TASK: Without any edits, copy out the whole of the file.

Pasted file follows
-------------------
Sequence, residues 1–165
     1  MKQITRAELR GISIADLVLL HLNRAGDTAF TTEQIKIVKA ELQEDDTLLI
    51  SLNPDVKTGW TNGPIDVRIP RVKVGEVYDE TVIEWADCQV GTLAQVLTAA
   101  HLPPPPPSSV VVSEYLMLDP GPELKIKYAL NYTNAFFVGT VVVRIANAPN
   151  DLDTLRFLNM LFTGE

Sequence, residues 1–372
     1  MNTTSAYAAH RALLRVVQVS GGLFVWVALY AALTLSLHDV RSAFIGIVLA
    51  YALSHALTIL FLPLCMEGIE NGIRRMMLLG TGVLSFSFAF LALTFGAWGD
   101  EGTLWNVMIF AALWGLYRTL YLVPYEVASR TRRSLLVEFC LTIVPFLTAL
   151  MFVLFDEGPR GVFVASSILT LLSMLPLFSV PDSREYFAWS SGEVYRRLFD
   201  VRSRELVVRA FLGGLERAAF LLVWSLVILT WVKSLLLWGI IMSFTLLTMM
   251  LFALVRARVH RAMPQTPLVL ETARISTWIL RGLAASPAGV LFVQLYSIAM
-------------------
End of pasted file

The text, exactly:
Sequence, residues 1–165
     1  MKQITRAELR GISIADLVLL HLNRAGDTAF TTEQIKIVKA ELQEDDTLLI
    51  SLNPDVKTGW TNGPIDVRIP RVKVGEVYDE TVIEWADCQV GTLAQVLTAA
   101  HLPPPPPSSV VVSEYLMLDP GPELKIKYAL NYTNAFFVGT VVVRIANAPN
   151  DLDTLRFLNM LFTGE

Sequence, residues 1–372
     1  MNTTSAYAAH RALLRVVQVS GGLFVWVALY AALTLSLHDV RSAFIGIVLA
    51  YALSHALTIL FLPLCMEGIE NGIRRMMLLG TGVLSFSFAF LALTFGAWGD
   101  EGTLWNVMIF AALWGLYRTL YLVPYEVASR TRRSLLVEFC LTIVPFLTAL
   151  MFVLFDEGPR GVFVASSILT LLSMLPLFSV PDSREYFAWS SGEVYRRLFD
   201  VRSRELVVRA FLGGLERAAF LLVWSLVILT WVKSLLLWGI IMSFTLLTMM
   251  LFALVRARVH RAMPQTPLVL ETARISTWIL RGLAASPAGV LFVQLYSIAM